How To Become Certified in NDI or NDE
In 1966 ASNT published guidelines for becoming a certified non destructive testing technician. These guidelines established consistency in training and qualifying personnel, ensuring technicians understand equipment, materials, test objects and procedures. The process for obtaining certification usually requires classroom training, written test, a hands on demonstration of equipment calibration, materials preparation, accurate testing, and identifying indications according to a specified procedure. In addition to the above requirement you will need to complete some on-the-job training and pass a vision test. The most common testing methods include liquid penetrant, magnetic particle, eddy current, ultrasonic, and radiography. Each method has its own set of guidelines based on the technical skills required to perform the method efficiently and accurately. Technicians can achieve different levels of certification in each method base on additional training, testing and on-the-job hours.
NDT Nation has developed this web site to assist those who are preparing for their classroom training and written examination.
Did you know it is estimated that 20% to 30% of trainees and students do not pass their first test. The reason for this failure is lack of preparation. Trainees are required to attend the class room training but are advised to study and take practice tests during their free time. Methods like liquid penetrant and magnetic particle require less time to preparation. If you are planning to receive certification in eddy current, ultrasonic or radiography testing it is import to allow yourself more time to studying and take practicing test online. There are several web sites including this one that give you practice questions to assist you in your studies.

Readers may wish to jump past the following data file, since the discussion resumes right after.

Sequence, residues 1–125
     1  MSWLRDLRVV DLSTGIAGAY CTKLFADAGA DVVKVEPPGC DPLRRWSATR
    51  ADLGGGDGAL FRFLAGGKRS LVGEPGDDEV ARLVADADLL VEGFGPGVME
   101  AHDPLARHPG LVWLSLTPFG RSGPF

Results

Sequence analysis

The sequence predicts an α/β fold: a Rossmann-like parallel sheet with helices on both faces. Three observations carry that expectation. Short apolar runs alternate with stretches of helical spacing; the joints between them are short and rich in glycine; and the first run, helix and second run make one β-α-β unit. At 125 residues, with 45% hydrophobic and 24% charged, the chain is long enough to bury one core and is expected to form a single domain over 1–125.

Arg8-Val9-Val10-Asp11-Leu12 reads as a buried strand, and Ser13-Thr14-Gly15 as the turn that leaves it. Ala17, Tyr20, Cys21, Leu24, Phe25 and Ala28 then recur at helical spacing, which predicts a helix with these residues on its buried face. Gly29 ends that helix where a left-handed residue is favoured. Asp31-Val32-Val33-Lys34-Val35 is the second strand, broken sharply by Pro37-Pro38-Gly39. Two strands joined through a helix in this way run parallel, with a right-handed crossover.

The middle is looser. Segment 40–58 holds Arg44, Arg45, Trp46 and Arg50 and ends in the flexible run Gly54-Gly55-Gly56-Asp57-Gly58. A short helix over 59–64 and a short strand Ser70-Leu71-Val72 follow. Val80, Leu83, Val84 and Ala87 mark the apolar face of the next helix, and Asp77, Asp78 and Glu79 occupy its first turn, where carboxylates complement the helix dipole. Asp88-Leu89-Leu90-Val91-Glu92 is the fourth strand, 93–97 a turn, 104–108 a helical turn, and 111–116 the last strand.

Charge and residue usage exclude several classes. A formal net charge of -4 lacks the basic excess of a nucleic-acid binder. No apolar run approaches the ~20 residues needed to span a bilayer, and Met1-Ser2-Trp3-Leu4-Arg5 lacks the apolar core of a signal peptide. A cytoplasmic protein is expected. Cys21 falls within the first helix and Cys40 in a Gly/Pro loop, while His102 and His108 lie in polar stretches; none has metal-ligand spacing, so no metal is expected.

Receiving your certification is a professional achievement in a field that continues to grow nationally and internationally. Some of the industries that rely on inspections are alternative power, aviation/aerospace, manufacturing, automotive, pipeline, welding, commercial, construction, railroad, petrochemical, shipyard and maritime, pharmaceutical, pulp and paper and fabrication shops. Opportunity abounds with so many industries relying on the professional talents of a certified technician. The recent demand for for ndi and nde inspectors has driven salaries up by 10%-15% over the last 3-4 years. It is the perfect time to be exploring the testing industry.